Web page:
Shaping debate on religion in public life.

Beliefs, Values and Wellbeing

Our research contributes towards progressive, practical changes in church and faith communities, public policy and academia. Following the visionary thinking and social concerns of Archbishop William Temple, our research promotes economic, social and political wellbeing.


The Foundation’s work on the progressive contribution of religion to social, political and economic change has led more recently to engagement and research into the connection between religion and personal ethics, virtues and mental and psychological wellbeing. This engagement explores the connection between religion, theology and popular psychology, leadership and change management, especially in work-based and business environments and local authority partnerships with the community and voluntary sectors.

Temple Tracts

Atherton, John and John Reader (2015) Mapping the Material: Religious Practices in Changing Times (William Temple Foundation).

Hearn, Tina (2017) Religion and the Politics of Flesh (William Temple Foundation)


Atherton, J., Graham E., and Steedman I., (2010) The Practices of Happiness: Political Economy, Religion and Wellbeing (London/New York Routledge, 2011).

Atherton, J., Baker, C., and Reader J., (2012) Christianity and the New Social Order (London: SPCK).

Poole, Eve (2017) Leadersmithing (London: Bloomsbury)

Journal articles

Smith, Greg (2017) Does Faith make you Heathy and Happy? The Case of Evangelical Christians in the UK, The Journal of Religion and Society Vol 19, June 2017

Peter Stokes, Christopher Baker and Jessica Lichy (2016) ‘The Role of Embedded Individual Values, Belief and Attitudes and Spiritual Capital in Shaping Everyday Postsecular Organisational Culture’, European Management Review 13, 37-51 .

Christopher Baker and Maria C Power ‘Ghosts in the Machine: Beliefs, Values and Worldviews in the Workplace and Business Environment’ – under review Sociology of Religion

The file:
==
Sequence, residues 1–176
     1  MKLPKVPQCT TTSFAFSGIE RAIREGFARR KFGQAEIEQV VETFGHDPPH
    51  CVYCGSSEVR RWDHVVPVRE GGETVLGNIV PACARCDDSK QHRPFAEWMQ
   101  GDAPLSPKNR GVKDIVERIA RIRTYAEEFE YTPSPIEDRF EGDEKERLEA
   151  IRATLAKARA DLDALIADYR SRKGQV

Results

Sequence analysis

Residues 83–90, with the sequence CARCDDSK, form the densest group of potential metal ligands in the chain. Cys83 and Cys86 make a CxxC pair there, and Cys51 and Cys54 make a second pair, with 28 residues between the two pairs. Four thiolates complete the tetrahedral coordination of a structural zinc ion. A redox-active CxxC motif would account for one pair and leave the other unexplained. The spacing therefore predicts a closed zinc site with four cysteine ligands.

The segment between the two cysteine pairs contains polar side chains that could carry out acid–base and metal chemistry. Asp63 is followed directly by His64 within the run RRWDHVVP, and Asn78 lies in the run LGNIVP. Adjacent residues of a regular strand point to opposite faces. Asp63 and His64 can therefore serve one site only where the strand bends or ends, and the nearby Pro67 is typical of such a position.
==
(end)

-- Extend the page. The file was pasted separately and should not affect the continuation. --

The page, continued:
Book Chapters

Baker, C (2009) ‘Social, Religious and Spiritual capitals: A Psychological Perspective?’ eds. de Souza, M., Francis, L.J., O’Higgins-Norman, J., Scott, D, International handbook of Education for Spirituality, Care and Wellbeing, (London and New York:  Springer).

Reader, J. (2010) ‘Wellbeing or resilience: Blurred encounters between theory and practice’ in The Practices of Happiness: Political Economy, religion and wellbeing edited by Atherton, Graham and Steedman (London and New York : Routledge).

Baker, C (2010) ‘The ‘one in the morning’ knock: exploring the connections between faith, participation and wellbeing’, in (eds.) J.Atherton, E.Graham and I.Steedman, The Practices of Happiness – political economy, religion and wellbeing, (London and New York: Routledge).

Baker, C (2012) ‘Exploring Spiritual Capital – a resource for an uncertain future?, eds. M. O’Sullivan and B. Flanagan, Spiritual Capital – Spirituality in Practice in Christian Perspective, (Farnham: Ashgate).

Baker, C (2013) ‘Measuring the F factor – happiness, resilience and spiritual capital in public policy’. Paper given at the Spirituality and Addiction conference: 20 February 2013, University of Chester, Chester Centre for Faiths and Public Policy.